I've become fascinated with period instrument recordings, especially in the past decade and a half, noting as memorable examples, Sir John Eliot Gardiner's traversals of the Beethoven and Schumann symphony cycles with his handpicked ensembles, as well as period instrument-inspired recordings conducted by the likes of Nikolaus Harnoncourt and Sir Charles Mackerras, among others. However, this period instrument recording of Dvorak's 9th Symphony "From the New World" from conductor Emmanuel Krivine and his La Chamber Philharmonique orchestra, isn't one likely to win converts to the cause of period instrument performance, especially with regards to late 19th Century composers like Dvorak. Why? There are two key reasons that become quite obvious as soon as one hears the opening notes of the symphony's first movement. Krivine has opted to whittle down too much the requisite forces required to perform this score, which received its world debut at Carnegie Hall in 1893, with the composer conducting the New York Philharmonic Orchestra; this is a majestic, complex, and sonically rich score that demands a full orchestra of at least seventy five to eighty musicians, not the fifty five which comprise Krivine's ensemble. Krivine also offers a rather dull, uninspiring interpretation, which seems replete with inexplicable, rather dramatic, shifts in tempi and accentuated rests, also for dramatic effect.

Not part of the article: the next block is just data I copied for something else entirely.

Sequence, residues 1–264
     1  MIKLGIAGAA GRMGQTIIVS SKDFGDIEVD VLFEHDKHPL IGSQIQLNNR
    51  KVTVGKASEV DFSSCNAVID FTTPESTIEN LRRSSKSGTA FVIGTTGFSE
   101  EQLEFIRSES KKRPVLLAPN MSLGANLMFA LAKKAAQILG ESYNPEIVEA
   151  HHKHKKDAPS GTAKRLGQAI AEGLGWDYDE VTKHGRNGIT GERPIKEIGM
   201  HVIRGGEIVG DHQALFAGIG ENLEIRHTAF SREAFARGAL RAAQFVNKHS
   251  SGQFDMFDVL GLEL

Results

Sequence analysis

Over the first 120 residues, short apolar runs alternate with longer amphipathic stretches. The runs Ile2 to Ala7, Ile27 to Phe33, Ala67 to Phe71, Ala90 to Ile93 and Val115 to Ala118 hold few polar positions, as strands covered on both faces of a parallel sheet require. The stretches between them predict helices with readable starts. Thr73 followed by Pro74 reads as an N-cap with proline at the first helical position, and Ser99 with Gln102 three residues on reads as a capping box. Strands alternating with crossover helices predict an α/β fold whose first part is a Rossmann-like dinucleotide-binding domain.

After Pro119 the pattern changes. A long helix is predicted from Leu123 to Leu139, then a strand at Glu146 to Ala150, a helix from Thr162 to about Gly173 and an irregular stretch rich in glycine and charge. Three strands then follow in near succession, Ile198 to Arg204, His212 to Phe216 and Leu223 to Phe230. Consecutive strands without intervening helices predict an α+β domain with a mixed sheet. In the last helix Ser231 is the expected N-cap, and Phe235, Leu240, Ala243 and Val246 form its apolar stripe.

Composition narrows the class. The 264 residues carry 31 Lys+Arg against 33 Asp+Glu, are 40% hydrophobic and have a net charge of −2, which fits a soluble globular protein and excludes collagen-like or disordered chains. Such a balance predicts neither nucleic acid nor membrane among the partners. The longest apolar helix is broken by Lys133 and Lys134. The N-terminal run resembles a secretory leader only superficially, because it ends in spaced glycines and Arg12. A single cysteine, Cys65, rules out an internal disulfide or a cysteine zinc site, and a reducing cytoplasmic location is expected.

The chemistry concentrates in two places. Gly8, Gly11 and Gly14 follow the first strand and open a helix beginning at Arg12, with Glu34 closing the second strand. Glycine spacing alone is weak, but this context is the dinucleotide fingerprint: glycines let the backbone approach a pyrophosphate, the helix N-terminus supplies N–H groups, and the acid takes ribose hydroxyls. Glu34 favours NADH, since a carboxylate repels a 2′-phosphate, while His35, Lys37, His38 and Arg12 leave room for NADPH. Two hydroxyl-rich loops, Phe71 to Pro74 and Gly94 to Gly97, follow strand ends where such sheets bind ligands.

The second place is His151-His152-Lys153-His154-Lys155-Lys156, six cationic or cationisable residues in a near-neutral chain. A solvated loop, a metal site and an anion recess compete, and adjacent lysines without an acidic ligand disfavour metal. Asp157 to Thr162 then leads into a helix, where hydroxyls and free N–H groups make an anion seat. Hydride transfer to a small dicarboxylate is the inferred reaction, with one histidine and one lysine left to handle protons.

In stark contrast to this problematic performance of the Dvorak score, Krivine and his talented band of musicians provide an exciting, quite vivid, interpretation of Schumann's Konzertstuck for four horns and orchestra that compares favorably to Gardiner's interpretation. Here Krivine is more successful in emphasizing the most dramatic qualities of this three-movement work, and both he and the orchestra are able collaborators to the four horn soloists; David Guerrier, Antoine Dreyfuss, Emmanuel Padieu, Bernard Schirrer, whose fine performances compare most favorably to any I have heard, for example, from the likes of the horn sections of the Chicago Symphony Orchestra and Berliner Philharmoniker. If you are still inclined to acquire this recording, then do so solely for the Schumann work. Otherwise, there are other, more traditional, and far better, recordings of the Dvorak 9th symphony available, ranging from classic accounts from the likes of Kubelik with the Berliner Philharmoniker and Solti with the Chicago Symphony, to more recent ones with Abbado and the Berliner Philharmoniker and Fischer and the Budapest Festival Orchestra.